The Hang Seng index was off 1.3 per cent in early trading in Hong Kong, at its lowest since early May, while the Hang Seng China Enterprises index sank 1.6 per cent. The CSI 300 index of major Shanghai and Shenzhen linked stocks dropped 1.4 per cent. All three were resuming trade after a long weekend due to a market holiday on Monday. On Wall Street overnight, the S&P 500 slipped 0.2 per cent and the tech-heavy Nasdaq Composite ended little changed as the mood across markets remained unsettled by concerns about a further escalation of trade tensions between the world’s two biggest economies.
China’s Shanghai Composite Index declined in four out of five trading days last week and clocked the fourth consecutive weekly loss. Liquidity concerns in the market, weaker-than-expected economic data, and fears about a trade war with the US weakened China’s market sentiment last week. China’s markets are closed on Monday for the Dragon Boat Festival holiday.
China’s Shanghai Composite Index closed lower on Thursday and clocked the second consecutive daily loss. Carrying forward the weakness, the Shanghai Composite Index opened lower on Friday and declined to 20-month low price levels.
SEOUL, South Korea (AP) — Global stock markets were mostly lower on Friday as U.S. President Donald Trump's approval of a plan to impose tough tariffs on China renewed concerns about trade friction.
It also follows Mr Trump’s decisions in recent weeks to begin levying tariffs on steel and aluminium imports from Canada, the EU and Japan, provoking a rift with G7 allies. The Hang Seng index in Hong Kong was flat.
The rebound in China’s markets on Tuesday was short lived. China’s Shanghai Composite Index resumed the downfall on Wednesday. Carrying forward the weakness, the Shanghai Composite Index opened lower on June 14 and closed the day at two-week low price levels.
SEOUL, South Korea (AP) — Global stocks slumped Thursday after the U.S. Federal Reserve raised its key interest rate and said it would pick up the pace of future increases. Eyes are now on the European Central Bank, which is discussing Thursday when it might end its stimulus program.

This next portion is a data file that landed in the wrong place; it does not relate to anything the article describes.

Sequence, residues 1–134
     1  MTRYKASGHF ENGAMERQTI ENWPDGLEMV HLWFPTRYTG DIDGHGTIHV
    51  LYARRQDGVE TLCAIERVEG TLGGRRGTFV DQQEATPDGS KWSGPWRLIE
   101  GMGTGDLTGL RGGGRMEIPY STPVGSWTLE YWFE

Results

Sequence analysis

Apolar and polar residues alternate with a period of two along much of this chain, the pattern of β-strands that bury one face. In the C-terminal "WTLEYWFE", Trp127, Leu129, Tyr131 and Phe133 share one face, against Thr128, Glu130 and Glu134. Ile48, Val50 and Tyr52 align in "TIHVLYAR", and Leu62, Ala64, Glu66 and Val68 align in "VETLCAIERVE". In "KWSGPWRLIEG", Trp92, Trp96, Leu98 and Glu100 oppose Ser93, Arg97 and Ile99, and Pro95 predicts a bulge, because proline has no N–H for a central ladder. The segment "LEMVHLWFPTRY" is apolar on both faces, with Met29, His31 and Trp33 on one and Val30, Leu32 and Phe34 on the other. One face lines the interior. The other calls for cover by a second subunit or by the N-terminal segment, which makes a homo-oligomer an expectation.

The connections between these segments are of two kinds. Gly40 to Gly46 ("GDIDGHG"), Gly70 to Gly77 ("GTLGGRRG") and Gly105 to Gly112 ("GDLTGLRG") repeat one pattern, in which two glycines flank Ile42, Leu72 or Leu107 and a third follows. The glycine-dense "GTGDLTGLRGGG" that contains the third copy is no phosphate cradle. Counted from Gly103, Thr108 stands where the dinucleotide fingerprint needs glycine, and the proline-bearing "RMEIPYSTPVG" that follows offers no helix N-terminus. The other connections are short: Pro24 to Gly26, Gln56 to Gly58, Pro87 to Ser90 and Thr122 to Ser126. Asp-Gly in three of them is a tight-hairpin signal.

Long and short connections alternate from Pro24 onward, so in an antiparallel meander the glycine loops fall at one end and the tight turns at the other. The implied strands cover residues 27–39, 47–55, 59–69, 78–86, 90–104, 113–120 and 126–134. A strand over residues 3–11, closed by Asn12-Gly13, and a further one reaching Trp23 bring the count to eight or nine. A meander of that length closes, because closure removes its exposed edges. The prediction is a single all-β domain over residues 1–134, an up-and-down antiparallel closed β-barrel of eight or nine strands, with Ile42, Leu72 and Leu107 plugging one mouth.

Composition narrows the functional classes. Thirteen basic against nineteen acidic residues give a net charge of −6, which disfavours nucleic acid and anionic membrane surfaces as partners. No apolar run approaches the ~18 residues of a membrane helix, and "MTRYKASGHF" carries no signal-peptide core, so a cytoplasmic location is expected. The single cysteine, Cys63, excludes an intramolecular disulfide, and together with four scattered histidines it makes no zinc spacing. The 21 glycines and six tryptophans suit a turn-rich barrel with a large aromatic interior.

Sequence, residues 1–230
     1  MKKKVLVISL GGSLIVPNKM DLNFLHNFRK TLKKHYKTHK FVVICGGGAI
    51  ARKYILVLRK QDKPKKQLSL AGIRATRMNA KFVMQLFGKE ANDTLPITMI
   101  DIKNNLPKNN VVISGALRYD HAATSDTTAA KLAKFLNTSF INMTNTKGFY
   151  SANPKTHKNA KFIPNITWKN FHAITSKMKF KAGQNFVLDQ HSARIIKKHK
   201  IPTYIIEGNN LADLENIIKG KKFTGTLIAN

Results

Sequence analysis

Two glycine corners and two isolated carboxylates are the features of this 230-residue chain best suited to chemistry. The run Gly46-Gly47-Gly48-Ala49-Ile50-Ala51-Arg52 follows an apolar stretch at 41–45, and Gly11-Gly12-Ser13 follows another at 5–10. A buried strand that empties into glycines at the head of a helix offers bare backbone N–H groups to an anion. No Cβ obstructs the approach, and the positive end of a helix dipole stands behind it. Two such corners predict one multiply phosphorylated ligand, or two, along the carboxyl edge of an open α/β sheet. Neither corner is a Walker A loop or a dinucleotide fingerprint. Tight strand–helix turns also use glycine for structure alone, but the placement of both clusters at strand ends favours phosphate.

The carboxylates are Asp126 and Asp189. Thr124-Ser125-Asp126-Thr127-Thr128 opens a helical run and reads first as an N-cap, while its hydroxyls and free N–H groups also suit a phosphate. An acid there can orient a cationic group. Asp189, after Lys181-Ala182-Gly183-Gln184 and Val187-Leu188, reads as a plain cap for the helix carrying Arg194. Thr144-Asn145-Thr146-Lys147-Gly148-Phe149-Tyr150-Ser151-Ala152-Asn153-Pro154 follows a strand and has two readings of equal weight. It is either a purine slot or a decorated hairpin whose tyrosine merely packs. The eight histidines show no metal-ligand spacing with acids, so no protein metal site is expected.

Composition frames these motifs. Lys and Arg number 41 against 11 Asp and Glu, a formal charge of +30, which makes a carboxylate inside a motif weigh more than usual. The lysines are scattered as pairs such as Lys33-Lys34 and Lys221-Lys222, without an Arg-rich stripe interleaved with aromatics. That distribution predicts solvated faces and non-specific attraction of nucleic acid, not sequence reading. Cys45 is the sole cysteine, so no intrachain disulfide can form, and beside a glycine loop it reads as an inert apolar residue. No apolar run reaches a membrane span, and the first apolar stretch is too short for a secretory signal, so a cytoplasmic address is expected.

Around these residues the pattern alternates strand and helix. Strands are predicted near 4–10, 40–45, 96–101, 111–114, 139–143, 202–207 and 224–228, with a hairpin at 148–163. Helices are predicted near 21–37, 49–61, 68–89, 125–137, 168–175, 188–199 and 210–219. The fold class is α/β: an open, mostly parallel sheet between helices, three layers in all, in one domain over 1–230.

Asian stock markets finished lower Thursday after the U.S. Federal Reserve indicated two more rate hikes are coming later this year, and as Chinese economic data missed expectations.
The People's Bank of China on Thursday decided not to follow the U.S. Federal Reserve in raising interest rates, defying expectations that the Chinese policy makers would follow their usual pattern and ...
Shares of Chinese telecommunications giant ZTE Corp rose as much as 3.7 percent in Hong Kong on Thursday, after the firm proposed a $10.7 billion financing plan and the nomination of eight new board members. China's No.2 telecom equipment maker, which just agreed to a $1.4 billion settlement with the U.S. government to be pardoned from a supplier ban, saw its Hong Kong-listed shares rise to HK$15.52 in morning trade, outperforming the benchmark Hang Seng Index that dipped slightly. A day earlier, ZTE's Hong Kong-listed shares had plunged 41 percent, their biggest decline in history, as the stock resumed trading after being suspended for almost two-months due to the U.S. ban that threatened to put it out of business.
raised interest rates by 25 basis points, as expected, and signalled two further increases this year — one more than it had previously forecast. for the US economy, forecasting real gross domestic product growth in 2018 of 2.8 per cent. Its estimates for 2.4 per cent growth in 2019 and 2 per cent in 2020 were left unchanged. Harm Bandholz, chief US economist at UniCredit, said he agreed with the Federal Reserve’s upbeat economic outlook for the next four quarters or so, but was more cautious regarding the outlook for the second half of 2019 and 2020.
Telecommunications equipment maker ZTE fell around 40 percent in Hong Kong as its shares resumed trade. Telecommunications equipment maker ZTE fell around 40 percent early in Hong Kong Wednesday trading hours after its shares resumed trade there and in Shenzhen. In a filing , ZTE said it will pay a $1 billion lump sum payment to the U.S. government as part of a settlement agreement, as well as an additional $400 million in escrow.
Asia-Pacific equities were broadly lower on Wednesday as markets shrugged off the historic Trump-Kim summit and investor focused turned squarely to a series of meetings from the major central banks. The S&P/ASX 200 in Sydney was also off 0.5 per cent, though buoyed by a more than 24 per cent gain for Australian gas pipeline company APA Group after Hong Kong’s CK Infrastructure Holdings made an offer for the company at 33 per cent premium to its closing price on Tuesday.